The problem is not that he doesn't have the courage to ask you out. The problem is not that he disrespects you or that he's mistreated or mislead you. The problem is that you forced yourself into the path of a man who would have otherwise not pursued you. And then, as he continues on his natural orbit of not noticing you, you are disappointed in having an expectation borne of your own efforts alone. You have worked yourself into a frenzy and wasted time and energy over someone who would have never gone out of his way for you to begin with.

On the other hand, there are men who will go out of their way to know you. I'm not saying they're the men you want going out of their way for you, but I am saying that they do exist. You know this is true because you know you have been approached by them before. We have all been pursued at some point or another, and while we cannot always choose who puts forth the effort, we can know with absolute confidence the difference between a relationship that is created because a man is interested enough to pursue something with you versus a relationship forced because you're continually creating reasons to interact with a man who otherwise has not put forth any personal effort to forge a connection with you.

The reality is that no amount of YOU putting yourself in front of another woman is going to make you automatically more attractive/interesting/"better" than her. Nor does it mean you are not attractive/interesting or someone else's "better." While men may find the attention flattering, all you are doing is feeding an ego; his. And, ultimately, feeding someone else's ego when it's unwarranted and he's done nothing to demand your attention or respect simply leaves you going out of your way for someone who otherwise would have not taken notice of you. And really, who wants someone like that in their life anyway?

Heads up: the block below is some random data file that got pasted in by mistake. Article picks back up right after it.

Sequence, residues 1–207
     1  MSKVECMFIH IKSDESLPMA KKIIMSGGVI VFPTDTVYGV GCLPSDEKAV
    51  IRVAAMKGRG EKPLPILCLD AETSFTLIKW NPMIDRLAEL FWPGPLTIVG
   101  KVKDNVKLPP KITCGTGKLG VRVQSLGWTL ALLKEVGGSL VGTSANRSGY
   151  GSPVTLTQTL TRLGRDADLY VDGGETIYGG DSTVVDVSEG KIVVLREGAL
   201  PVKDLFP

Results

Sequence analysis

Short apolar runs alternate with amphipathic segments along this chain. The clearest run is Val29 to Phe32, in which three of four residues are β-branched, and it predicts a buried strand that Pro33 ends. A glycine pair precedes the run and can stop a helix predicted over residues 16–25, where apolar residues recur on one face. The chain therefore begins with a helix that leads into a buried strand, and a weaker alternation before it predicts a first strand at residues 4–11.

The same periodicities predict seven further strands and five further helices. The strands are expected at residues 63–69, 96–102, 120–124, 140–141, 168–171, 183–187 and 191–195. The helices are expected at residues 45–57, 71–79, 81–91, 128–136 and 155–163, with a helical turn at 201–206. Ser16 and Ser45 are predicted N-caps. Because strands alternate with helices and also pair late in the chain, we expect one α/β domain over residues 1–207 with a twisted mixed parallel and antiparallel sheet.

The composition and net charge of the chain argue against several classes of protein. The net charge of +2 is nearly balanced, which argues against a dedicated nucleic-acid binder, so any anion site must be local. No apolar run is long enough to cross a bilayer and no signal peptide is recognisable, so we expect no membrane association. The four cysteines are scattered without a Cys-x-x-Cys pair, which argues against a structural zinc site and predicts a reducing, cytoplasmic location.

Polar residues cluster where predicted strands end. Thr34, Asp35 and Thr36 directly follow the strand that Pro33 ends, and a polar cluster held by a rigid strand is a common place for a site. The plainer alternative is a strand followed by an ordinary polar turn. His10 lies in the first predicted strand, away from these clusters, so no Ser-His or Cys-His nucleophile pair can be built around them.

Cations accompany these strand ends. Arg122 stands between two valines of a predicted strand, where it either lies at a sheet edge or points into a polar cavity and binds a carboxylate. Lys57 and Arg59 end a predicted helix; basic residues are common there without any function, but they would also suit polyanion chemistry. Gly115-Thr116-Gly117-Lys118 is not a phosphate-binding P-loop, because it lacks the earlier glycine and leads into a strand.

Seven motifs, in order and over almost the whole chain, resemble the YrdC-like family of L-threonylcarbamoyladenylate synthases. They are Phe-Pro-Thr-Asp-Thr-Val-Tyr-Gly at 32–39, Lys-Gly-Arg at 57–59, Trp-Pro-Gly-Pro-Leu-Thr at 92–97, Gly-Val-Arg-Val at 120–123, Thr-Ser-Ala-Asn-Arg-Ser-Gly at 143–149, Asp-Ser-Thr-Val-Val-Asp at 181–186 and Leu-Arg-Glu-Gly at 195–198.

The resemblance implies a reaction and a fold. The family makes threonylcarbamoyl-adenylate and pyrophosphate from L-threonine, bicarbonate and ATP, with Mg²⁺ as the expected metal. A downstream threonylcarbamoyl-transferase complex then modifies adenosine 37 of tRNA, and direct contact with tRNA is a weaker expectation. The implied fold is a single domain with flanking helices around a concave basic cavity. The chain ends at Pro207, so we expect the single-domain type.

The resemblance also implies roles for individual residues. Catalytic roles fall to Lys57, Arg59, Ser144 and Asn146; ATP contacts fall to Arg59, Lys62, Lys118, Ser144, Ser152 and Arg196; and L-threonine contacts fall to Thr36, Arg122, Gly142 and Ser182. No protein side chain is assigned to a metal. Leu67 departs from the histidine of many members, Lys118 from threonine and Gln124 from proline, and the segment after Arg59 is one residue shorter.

So here's the lesson, ladies. We are not the enemy. We are not in competition. If anything, we are your best ally. Every one of us can name (easily!) five men we respect, admire and appreciate- but aren't interested in dating. Ever think that you could help a sister out and send him in the direction of one of your lady-friends who may be able to return an affection for him? It's more likely to happen than him sending you one of his bro's, that's for sure. What about introducing your girlfriend to someone at a party that you've met who's attractive...but you're not interested? How much do you think BOTH of them will appreciate the introduction and attention? The reality is that attraction exists; we gravitate toward certain people for a reason. Forcing a relationship by jumping your natural gravitational pull is less likely to create a new solar system than it is to place undue strain and pressure around your surrounding atmosphere.

So please. Don't hit on my boyfriend. If you're the one he's interested in, I'm sure he'll find a way to call you.

Wednesday, August 4, 2010

Ponies, Husbands and Other Fun Wishes.

When someone says, "I really want to get married," it sounds a lot to me like when I say, "I really want a pony."
OF COURSE I want a pony!
I have wanted a pony my entire LIFE!
I know the colour, the pattrern, the name of my pony...I have dreamt of this magnificent creature since the time I was five years old. I WANT THAT PONY.
And then I think, "Farrah, if you REALLY wanted that pony so bad...you'd get it."
And I say, "Self. You outsmart me again."
It's true. If I really wanted that pony right now, I'd get it. I'd take out a loan. I'd buy it. I'd find a way. I could rent. Borrow. I could even volunteer at a stable. There are a number of ways I could have my pony...but I have yet to do so. Because, you see, the truth is, I DO want that pony...when I want something to play with. To dream about. To fawn over. To pamper. To love. So really...how much do I really want that pony? And how much of wanting it is really just what I like to tell myself when I have too much time on my hands?